The 2010 Championship will be decided this weekend and on recent performances and assuming the cars are reliable, it seem likely that at the end of the day the top three will comprise Vettel, Webber and Alonso in some order. While I don’t think you can count out Hamilton, his McLaren has been a little off the pace of the three drivers ahead of him in the championship.
There are many, many permutations, but to keep it simple we’ll just have a look at a few. If Alonso is first or second he walks away champion, no matter who finishes around him. If Webber wins Alonso has to be third or worse for the Australian to be crowned. Vettel needs even more luck to go his way; if Vettel wins Alonso needs to be fifth or worse.
For Lewis Hamilton to regain the drivers’ title he needs a lot to go his way. First he needs to win, and then he needs the other three contenders to finish either out of, or well down the points. Nothing else will do. This seems unlikely at best, but he has the chance to play spoiler should he be able to mix it with the Red Bulls and Alonso it up front. Let’s not for get both Hamilton and Also have quick team mates who are capable of winning races. Neither Button or Massa have been on great form recently, but both could make life difficult for others on their day.
As much fun as the speculation is, the question I have is what if Vettel is leading going into the last lap and Webber is behind him and Alonso third or fourth? Would Vettel pull over for the Australian and give his teammate the championship. Of would he try to hold onto his position for another win this year?
Clearly the relationship between the two Red bull drivers is not great, and that’s to be expected at this point in the year after they have gone after each other so hard for 17 races now. I’m not sure any professional partnership between two competitive sportsmen would do well under this pressure.
So what’s the team been saying? Team principal Christian Horner “if we find ourselves in a position where one of the drivers can win the world championship, then the drivers will do whatever is necessary to ensure as a team we achieve the best result.” That seems clear, if they should find themselves in that position then Horner expects Vettel will allow Webber though and do what he can to hold off Alonso. I’m sure it would not be easy for Vettel, but the team employs him.
Later in the week Red bull owner Dietrich Mateschitz, the man who founded the energy drink company threw a turd into Christian Horners’ “everyone is doing their job” punchbowl. He was clear he wants the drivers in win, but no team orders. He’d rather they fight it out on the track.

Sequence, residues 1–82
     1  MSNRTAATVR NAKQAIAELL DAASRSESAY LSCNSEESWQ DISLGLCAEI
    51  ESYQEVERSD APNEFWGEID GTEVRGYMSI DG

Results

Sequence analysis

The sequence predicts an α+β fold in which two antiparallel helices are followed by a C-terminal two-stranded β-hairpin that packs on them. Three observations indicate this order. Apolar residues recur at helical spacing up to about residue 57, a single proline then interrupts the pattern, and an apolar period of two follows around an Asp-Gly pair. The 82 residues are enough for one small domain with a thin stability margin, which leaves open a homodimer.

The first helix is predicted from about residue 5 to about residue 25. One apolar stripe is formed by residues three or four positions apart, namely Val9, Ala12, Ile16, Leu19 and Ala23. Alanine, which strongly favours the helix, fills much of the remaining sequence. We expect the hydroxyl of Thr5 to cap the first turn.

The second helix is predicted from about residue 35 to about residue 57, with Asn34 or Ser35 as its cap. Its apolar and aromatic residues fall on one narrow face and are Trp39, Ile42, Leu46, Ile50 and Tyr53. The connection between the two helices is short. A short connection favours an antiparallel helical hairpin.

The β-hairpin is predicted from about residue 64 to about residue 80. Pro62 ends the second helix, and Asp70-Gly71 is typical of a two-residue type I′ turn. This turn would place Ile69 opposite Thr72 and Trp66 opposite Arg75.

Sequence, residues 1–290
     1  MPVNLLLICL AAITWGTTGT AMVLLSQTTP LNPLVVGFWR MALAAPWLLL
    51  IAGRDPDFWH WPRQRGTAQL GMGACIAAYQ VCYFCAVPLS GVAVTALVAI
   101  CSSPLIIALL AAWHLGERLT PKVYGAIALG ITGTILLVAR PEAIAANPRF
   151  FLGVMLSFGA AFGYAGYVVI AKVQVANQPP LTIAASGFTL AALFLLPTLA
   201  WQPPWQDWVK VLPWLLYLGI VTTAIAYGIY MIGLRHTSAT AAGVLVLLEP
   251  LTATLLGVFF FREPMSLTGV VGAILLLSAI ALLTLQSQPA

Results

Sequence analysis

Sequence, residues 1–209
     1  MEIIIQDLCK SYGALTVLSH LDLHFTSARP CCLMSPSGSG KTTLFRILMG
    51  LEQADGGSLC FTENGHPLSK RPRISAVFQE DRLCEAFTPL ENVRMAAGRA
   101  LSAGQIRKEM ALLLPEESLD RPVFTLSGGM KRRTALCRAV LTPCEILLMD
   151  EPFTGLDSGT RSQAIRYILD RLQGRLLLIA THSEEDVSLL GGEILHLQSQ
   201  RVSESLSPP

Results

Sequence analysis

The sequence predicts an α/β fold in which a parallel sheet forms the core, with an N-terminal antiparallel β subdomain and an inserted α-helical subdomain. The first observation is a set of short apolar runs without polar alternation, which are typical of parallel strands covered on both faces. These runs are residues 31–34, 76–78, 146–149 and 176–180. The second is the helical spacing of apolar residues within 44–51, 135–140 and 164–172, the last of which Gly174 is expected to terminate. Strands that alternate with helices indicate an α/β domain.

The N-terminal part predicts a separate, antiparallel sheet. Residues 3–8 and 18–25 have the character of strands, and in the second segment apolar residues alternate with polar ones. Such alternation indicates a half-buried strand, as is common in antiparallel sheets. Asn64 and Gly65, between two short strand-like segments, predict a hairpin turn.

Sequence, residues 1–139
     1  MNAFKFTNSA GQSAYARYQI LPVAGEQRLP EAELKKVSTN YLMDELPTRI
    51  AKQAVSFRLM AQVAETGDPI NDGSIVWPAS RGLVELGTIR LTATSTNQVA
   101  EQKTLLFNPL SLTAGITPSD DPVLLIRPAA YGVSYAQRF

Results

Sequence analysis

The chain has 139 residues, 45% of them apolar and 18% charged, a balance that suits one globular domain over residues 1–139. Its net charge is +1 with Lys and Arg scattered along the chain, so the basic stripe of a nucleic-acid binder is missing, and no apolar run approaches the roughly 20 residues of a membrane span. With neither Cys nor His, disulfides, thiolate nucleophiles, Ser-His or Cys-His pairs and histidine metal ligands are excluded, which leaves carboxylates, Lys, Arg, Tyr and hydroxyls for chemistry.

Talking of team orders, at Hockenheim Alonso gained an extra seven points when Massa pulled over to let him through into the lead. Take those points away and Alonso leads Webber by only one point and Vettel by eight. That would have meant that Abu Dhabi this weekend would have been a winner takes all race for the three of them.
F1 doesn’t have a “play to the rules’ mentality, it’s about winning and nothing else. If Red Bull were not to enforce some kind of team orders for Vettel to help Webber, should the situation arise, it would reinforce the idea that Webber is done with the team after this race. Would the team rather wait until next year in the hope that for Vettel will be their first champion? That seems rather far-fetched, even in the cynical world of F1.
There have hints from Webber that there have been team orders to hold position rather than race each other in the recent races, rather than risk another accident like turkey where Webber was taken out by Vettel. I can’t imagine either driver holding back in Abu Dhabi with the title on the line.
Of course, part of what makes F1 so fascinating is the politics and intrigue that run through the paddock and despite all this speculation into tactics and what if’s, we have a race to run. Once again Red Bull probably arrive as favourites for the race. But Alonso has beaten the red bulls in three of the previous five races and is not far behind them in race speed. He’s not been as good in qualifying, he’s also the only one of the three that’s been in the position of winning the championship before.
With the pressure on all the title contenders so intense, will that be a deciding factor? Or, with all the contenders worried about engine mileage under F1’s eight-engines-a-year rule, will it be reliability that wins the day? It’s difficult to believe that after such a great year of racing that it will all go down without one final twist in the season. It could be reliability, it could be teammates, it could be a desperate lunge for position or even a mistake under the incredible pressure, but it will be fun to watch.
The race is on Speed TV in the US at 4:30am Sunday morning.